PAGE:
David: Right. So at this point if you ask me what this is I’d say I’m no different than a lizard. No different than a blue jay, a rattle snake.

Rick: Right. I understand. Yeah.

David: It’s just a natural functioning, which is really pointing the direction in our discussion towards sahaja samadhi.

Rick: OK.

David: After this unity where everything is the Self occurs and you can go no further, there’s nothing else to see or know about yourself or the world as consciousness. All of that subsides into a still more qualitatively different state. Just as there is a distinction between say, Self-realization and a unified state of Self-realization; the distinction there being only myself being the Absolute vs. the environment as well. There is an additional push beyond that more mature consideration of world and self-unity, and that is sahaja samadhi. That’s what I call the retirement from all realizations. That’s the human element returning unfazed, unimpressed, un-reactive or nonreactive to all that it has realized. It laughs at every single realization. It’s as ignorant as it is enlightened, it has no need for the terms. It’s just what it is. It’s a lizard. It’s a crocodile. It’s an eagle.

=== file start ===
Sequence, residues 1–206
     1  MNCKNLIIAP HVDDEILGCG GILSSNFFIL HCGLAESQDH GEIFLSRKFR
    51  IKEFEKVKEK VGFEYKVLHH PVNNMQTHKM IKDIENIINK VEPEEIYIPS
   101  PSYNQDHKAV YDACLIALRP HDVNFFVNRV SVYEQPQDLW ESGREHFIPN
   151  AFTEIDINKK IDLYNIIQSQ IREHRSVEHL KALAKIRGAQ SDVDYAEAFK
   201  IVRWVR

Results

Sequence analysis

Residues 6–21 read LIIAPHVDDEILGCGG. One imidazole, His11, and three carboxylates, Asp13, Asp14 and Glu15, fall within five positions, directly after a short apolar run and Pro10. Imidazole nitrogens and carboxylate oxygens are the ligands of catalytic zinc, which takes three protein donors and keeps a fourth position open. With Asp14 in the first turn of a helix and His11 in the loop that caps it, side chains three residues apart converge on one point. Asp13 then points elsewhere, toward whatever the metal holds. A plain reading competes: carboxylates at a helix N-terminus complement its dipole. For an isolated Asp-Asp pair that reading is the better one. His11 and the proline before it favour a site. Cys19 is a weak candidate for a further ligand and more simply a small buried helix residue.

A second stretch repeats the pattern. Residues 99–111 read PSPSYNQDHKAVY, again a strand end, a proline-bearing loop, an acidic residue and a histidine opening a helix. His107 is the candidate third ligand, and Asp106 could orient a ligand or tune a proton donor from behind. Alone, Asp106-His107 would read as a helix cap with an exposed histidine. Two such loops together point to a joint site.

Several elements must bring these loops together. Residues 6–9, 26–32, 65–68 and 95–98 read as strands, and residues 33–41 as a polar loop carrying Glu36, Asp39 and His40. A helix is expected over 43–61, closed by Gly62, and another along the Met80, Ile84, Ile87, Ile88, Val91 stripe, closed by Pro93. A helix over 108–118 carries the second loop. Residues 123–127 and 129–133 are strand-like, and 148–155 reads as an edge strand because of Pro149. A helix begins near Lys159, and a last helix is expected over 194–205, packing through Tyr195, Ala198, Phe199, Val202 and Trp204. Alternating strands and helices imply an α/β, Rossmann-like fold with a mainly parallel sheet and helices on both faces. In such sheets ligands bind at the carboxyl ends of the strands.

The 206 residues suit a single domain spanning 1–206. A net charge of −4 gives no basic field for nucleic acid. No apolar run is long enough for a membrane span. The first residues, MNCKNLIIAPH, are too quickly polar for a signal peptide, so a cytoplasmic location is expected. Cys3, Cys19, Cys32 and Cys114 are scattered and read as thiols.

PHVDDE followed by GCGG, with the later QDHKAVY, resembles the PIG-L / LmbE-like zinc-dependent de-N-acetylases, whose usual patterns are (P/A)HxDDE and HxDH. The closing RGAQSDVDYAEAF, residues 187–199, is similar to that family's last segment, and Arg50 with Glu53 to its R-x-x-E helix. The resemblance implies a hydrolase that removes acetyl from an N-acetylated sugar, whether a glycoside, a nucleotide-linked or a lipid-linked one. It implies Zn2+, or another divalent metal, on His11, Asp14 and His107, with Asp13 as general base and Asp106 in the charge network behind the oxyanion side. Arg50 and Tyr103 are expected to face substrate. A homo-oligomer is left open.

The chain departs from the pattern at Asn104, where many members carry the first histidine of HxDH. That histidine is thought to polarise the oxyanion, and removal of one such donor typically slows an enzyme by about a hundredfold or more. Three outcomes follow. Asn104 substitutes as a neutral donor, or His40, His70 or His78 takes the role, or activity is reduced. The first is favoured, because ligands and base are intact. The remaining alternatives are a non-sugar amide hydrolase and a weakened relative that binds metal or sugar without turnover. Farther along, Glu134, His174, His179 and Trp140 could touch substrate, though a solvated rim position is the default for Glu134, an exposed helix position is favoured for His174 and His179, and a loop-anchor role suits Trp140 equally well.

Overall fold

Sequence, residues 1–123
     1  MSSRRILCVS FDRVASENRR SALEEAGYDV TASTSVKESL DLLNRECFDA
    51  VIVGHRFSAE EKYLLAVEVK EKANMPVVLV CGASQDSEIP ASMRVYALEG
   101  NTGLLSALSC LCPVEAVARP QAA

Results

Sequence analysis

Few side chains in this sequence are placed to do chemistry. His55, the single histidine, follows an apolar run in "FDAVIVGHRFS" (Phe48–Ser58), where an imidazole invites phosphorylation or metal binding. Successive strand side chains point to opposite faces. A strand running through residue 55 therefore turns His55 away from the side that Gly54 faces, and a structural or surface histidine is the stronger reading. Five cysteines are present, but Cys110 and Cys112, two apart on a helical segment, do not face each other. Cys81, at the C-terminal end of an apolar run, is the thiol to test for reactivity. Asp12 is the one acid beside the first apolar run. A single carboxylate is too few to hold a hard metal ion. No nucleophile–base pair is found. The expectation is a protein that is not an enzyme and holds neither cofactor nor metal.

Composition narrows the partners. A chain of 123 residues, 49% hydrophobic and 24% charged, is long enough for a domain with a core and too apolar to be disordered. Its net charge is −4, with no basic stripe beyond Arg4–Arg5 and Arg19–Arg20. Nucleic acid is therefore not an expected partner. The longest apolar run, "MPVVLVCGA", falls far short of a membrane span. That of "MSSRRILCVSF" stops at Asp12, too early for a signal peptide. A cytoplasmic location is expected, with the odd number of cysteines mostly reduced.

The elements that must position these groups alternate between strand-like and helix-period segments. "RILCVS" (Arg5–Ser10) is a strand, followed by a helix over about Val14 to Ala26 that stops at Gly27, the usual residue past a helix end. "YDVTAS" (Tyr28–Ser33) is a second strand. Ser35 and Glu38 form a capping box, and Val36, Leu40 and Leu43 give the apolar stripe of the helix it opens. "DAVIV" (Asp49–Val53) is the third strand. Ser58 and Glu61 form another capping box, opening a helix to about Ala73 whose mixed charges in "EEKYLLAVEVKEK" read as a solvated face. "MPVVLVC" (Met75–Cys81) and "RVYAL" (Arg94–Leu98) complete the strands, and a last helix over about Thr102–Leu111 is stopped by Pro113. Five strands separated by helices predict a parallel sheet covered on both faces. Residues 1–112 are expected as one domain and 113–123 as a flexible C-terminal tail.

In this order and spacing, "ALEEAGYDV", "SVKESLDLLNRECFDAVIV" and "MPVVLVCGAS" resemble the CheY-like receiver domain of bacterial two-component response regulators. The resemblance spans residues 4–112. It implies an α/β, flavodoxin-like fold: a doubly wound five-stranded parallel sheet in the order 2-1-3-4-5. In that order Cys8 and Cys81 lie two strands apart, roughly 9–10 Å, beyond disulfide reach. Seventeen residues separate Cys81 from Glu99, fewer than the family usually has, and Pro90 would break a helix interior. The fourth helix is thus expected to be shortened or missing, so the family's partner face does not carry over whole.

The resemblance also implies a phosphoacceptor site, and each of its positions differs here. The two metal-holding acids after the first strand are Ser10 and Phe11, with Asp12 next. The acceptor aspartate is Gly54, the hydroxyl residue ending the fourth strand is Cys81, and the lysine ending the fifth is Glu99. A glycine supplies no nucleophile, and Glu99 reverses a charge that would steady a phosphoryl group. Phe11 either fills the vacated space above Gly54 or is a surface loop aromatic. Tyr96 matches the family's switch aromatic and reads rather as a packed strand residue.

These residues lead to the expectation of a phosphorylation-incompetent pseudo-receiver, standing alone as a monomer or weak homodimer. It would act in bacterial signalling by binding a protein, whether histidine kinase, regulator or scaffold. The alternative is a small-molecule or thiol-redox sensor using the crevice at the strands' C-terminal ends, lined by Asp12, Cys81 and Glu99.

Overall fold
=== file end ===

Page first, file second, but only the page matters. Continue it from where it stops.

Rick: Very interesting. I was listening to a recording of Adyashanti this morning and he was saying something I think very similar to that. He was saying something along the lines of, “You go through a phase where you are no longer a person and then you become a person again.” I think that’s the way he put it, but I think what you are saying is and please clarify or correct me if I’m wrong, that you sort of went through a phase in which the impersonal unity of everything become predominant. Then there was a further stage of development in which living life as a person came into focus again on the foundation of that unified reality. Is that correct?

David: Sahaja samadhi was the devastating loss of my entire spiritual life. It was losing all the investment that I had made into being a yogi, into being a practitioner, a sadhak. I acquired a kind of spiritual identity through all that; an identity which was coexistent and one with all that I had realized. But there’s something that dis-inflates your entire journey, which makes your whole history irrelevant. It lets you see that you are not occupying any state of consciousness and any state of consciousness no matter how high is produced. This sahaja condition is unproduced and therefore it has transcended even this idea of elevating, ascending spiritually, like gaining more and more consciousness, evolving.